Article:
“New York City must end quarantine now. The Governor and the Mayor are destroying this city!” – A recent Twitter by former United States President Donald Trump. Of course, the main reason to criticize the New York City government is in his usual way. Yet the concerns of the former American leader are shared by traditionally critical New Yorkers. The headlines “New York City Is Over” and “New York City Is Dead” are increasingly in the local press and social media.
Well, you have to admit, “Big Apple” has changed. Like many mega-cities, at the start of the pandemic, it was completely depopulated, and shops, cafes, bars, theatres, and museums closed. But it’s been six months, and it seems that it’s time to go back to “new mascara normality”.
This is the only thing New York is slow to do: the authorities have closed the city with a noticeable delay and, having experienced a rapid increase in the disease, are afraid to lift the restrictions. In the café, while you can only sit on verandas, the shops are either closed or limited in a number of visitors, the museums have only just started opening, and the famous Broadway musicals have already announced – by the end of the year, definitely not. Even Christopher Nolan’s new film in New York City is now untouched – regular cinemas are still closed and open-air cinemas are not allowed to be screened by rights holders.
Not only the authorities but also the managers of large companies are insured – most are not yet ready to return employees to their offices. And given that the whole of downtown Manhattan is an office building, it’s not surprising that the city now looks strange. In the mornings, the flow of people with coffee cups does not collide with each other on the sidewalks, and in the evenings, instead of going to the bar office employees in the center, more often meet homeless or lovers of smoking pot.
The deserts of New York are quite natural. First, well-to-do New Yorkers tend to spend summers away from stuffy skyscrapers without a pandemic. A lot of people have holiday homes in the coastal Hamptons or the quiet suburbs. This year, most people had the opportunity not to come to New York working remotely. Summer’s not over – the city’s still hot. So what’s the point of going to the stone jungle?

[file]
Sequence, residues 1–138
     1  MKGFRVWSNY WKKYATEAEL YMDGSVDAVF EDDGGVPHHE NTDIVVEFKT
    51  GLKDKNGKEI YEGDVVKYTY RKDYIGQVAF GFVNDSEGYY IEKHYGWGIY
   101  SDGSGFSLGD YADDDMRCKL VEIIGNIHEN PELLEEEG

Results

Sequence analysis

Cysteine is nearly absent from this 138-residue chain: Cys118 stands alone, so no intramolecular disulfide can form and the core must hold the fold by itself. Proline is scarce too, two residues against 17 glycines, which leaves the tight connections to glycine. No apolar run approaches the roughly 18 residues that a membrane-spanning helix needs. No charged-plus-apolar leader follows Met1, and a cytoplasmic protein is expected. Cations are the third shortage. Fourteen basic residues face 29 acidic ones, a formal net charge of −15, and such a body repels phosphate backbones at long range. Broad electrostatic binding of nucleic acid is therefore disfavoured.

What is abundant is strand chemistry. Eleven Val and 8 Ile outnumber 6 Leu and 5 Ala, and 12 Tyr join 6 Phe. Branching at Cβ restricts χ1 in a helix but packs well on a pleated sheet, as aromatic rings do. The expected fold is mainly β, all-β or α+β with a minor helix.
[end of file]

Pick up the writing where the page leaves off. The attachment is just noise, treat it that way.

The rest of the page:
Another feature of the American metropolis is that most of its residents are visitors. According to statistics, more than 60% of New Yorkers live in rented accommodation, which means that it is not advantageous for New Yorkers to pay high-rent rent rents when they can temporarily move to their hometowns to live with their families. Nor are they likely to return to the city until work demands it.
The most worrisome signs are increasingly “for sale” and “for rent” on display. According to Yelp, 2,800 shops and restaurants have closed in the city since March. And restaurants continue to lose profits because of the ban on seating visitors inside because the terrace is very limited and the cool weather is just around the corner. The cafe’s owners even filed a class-action lawsuit with the city and state over huge damages.
Not long ago, there was a precedent in American history when the thriving city of Detroit rapidly turned into a ghost city. The major auto manufacturing center collapsed after most of the manufacturing facilities were closed in the mid-20th century. For about half a century, the once prosperous Detroit was gradually collapsing, until in the 2000s the IT offices were purchased.
Yet it is highly unlikely that a similar fate will befall New York. Unlike Detroit, it was not for the sake of a better life, but for the duration of a pandemic. Sooner or later, they would inevitably return to their offices. It is also a positive sign that Facebook and Google bought new buildings in Manhattan in the summer – it is unlikely that such companies would invest in real estate in a city without a future. New jobs will be created, which means new New Yorkers, new cafes, restaurants, and shops.
The city can change, it’s true. But in its history, New York has proven its adaptability more than once – through mafia crackdowns, crises, and terrorist attacks, it has constantly changed, adapting to the needs of its citizens. In the last couple of decades, former poor neighborhoods have gradually been rebuilt into expensive and fashionable neighborhoods. Perhaps the opposite will now occur and housing will become more affordable for the new “Big Apple” conquerors. A number of landlords are already lowering prices – this will attract more young people to the city.
Along with the voices of those who herald the end of New York, there are already defenders of it. ” If you and New York are “done” – go,” wrote Huffpost columnist Jamie Fillman. New York City is considered a city for learning, becoming, and earning for a poor future. It is not a city for anyone for a lifetime.
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